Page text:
- On December 15, 2003, at a game between the New York Giants and the New Orleans Saints, after his second touchdown, Saints wide receiver Joe Horn pulled a cell phone out from under the padding on the goalpost, and pretended to make a call. Unsportsmanlike conduct was called on Horn, and he was fined $30,000 by the NFL as a result.
- On September 26, 2010, Buffalo Bills wide receiver Stevie Johnson imitated a minuteman firing a musket and then falling backwards pretending to be shot at Gillette Stadium after scoring a fourth-quarter touchdown against the New England Patriots, for which he received a $10,000 fine. In a Week 11 win over the Cincinnati Bengals, after scoring his first touchdown, Johnson lifted his jersey to reveal the question "Why so serious?" written on his T-shirt (a quote made famous by The Joker in the Batman movie sequel The Dark Knight), which was directed at Bengals wide receivers Terrell Owens and Chad Ochocinco, who referred to themselves as Batman and Robin., and Johnson was fined $5,000 by the league office for the celebration.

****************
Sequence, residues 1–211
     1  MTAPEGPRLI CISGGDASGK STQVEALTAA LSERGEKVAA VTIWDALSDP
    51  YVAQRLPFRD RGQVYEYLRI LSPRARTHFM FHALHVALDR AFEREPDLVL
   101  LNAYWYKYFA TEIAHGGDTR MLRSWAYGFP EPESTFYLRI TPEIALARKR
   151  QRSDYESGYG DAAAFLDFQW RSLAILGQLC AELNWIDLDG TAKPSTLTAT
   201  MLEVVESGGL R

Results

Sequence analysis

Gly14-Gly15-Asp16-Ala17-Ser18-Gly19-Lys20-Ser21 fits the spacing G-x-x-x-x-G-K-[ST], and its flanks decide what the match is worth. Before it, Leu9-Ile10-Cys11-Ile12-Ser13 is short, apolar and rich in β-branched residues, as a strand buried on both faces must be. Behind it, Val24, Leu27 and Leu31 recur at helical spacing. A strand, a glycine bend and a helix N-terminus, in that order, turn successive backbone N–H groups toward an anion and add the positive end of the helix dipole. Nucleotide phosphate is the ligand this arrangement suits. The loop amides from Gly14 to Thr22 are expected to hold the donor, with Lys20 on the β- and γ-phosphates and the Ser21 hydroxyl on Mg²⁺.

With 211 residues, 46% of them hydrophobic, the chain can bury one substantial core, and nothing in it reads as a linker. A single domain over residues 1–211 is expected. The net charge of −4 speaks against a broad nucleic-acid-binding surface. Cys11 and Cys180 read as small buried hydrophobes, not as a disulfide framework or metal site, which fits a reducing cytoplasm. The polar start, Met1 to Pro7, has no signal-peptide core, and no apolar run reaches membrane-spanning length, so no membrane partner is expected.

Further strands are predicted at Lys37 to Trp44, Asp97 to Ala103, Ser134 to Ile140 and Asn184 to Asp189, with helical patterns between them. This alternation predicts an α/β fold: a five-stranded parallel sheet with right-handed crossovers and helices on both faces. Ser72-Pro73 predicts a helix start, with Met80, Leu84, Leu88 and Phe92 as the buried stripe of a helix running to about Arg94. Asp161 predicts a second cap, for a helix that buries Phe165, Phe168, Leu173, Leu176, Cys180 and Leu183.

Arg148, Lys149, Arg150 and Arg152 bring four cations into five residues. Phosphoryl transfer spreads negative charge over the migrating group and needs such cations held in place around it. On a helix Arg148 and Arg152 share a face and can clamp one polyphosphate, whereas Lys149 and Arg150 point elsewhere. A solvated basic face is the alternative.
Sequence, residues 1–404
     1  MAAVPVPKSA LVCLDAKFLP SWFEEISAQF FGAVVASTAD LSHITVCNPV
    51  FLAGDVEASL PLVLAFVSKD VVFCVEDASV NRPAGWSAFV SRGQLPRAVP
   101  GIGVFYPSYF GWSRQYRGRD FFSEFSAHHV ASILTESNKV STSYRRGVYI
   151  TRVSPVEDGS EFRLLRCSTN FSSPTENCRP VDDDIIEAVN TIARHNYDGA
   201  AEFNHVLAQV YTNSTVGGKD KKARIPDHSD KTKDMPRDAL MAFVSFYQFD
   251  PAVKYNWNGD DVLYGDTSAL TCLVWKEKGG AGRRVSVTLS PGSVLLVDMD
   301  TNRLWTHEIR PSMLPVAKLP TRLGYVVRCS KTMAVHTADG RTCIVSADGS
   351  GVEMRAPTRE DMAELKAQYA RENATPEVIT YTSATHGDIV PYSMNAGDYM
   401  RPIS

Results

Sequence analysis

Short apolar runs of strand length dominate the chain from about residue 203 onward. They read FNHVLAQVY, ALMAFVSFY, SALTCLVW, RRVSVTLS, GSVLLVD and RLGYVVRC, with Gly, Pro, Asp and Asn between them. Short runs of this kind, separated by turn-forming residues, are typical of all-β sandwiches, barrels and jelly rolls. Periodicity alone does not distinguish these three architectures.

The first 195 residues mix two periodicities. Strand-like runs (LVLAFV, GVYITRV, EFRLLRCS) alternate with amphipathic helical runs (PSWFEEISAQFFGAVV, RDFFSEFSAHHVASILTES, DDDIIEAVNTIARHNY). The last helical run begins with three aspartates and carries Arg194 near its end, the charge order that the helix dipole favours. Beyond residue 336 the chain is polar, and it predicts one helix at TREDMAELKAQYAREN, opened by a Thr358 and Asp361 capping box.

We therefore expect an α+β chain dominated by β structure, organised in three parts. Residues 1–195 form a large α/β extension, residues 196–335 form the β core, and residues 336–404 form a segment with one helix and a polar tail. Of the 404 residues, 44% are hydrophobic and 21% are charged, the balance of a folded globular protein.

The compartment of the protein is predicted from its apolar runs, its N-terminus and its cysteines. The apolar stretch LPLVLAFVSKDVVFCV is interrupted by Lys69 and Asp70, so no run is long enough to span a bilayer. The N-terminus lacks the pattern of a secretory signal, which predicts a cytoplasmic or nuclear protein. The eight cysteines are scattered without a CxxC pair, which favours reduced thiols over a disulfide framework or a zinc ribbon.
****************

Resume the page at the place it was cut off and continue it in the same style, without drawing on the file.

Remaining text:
- During the 2010 and 2011 seasons, Green Bay Packers quarterback Aaron Rodgers performed the "championship belt" move after touchdowns, imitating putting on a boxing or wrestling championship belt. After the Packers won Super Bowl XLV, Rodgers was presented with a replica Big Gold Belt by teammates, and in the following weeks, during a scheduled WWE Raw telecast, the Packers were honored with title belts from the WWE itself. In a series of State Farm commercials that aired during the 2011 season, Rodgers and a State Farm representative argued whether the move was a touchdown dance or the "discount double check" dance to celebrate saving money on insurance.
- Rob Gronkowski has been credited in resurrecting the spiking as a touchdown celebration and making it his own. His signature Gronk Spike has been a product of the less restrictive scoring celebrations of the NFL compared to high school and college, and debuted on September 26, 2010 after scoring his second NFL touchdown. It had become a fan phenomenon with MIT Sloan Sports Analytics Conference calculating that Gronkowski's arm moves 130° with the football leaving his hand at 60-miles per hour delivering 650 lbs of force.
- On October 21, 2012, Mike Tolbert of the Carolina Panthers and Stevie Johnson of the Buffalo Bills did the Gangnam Style dance in their Week 7 games.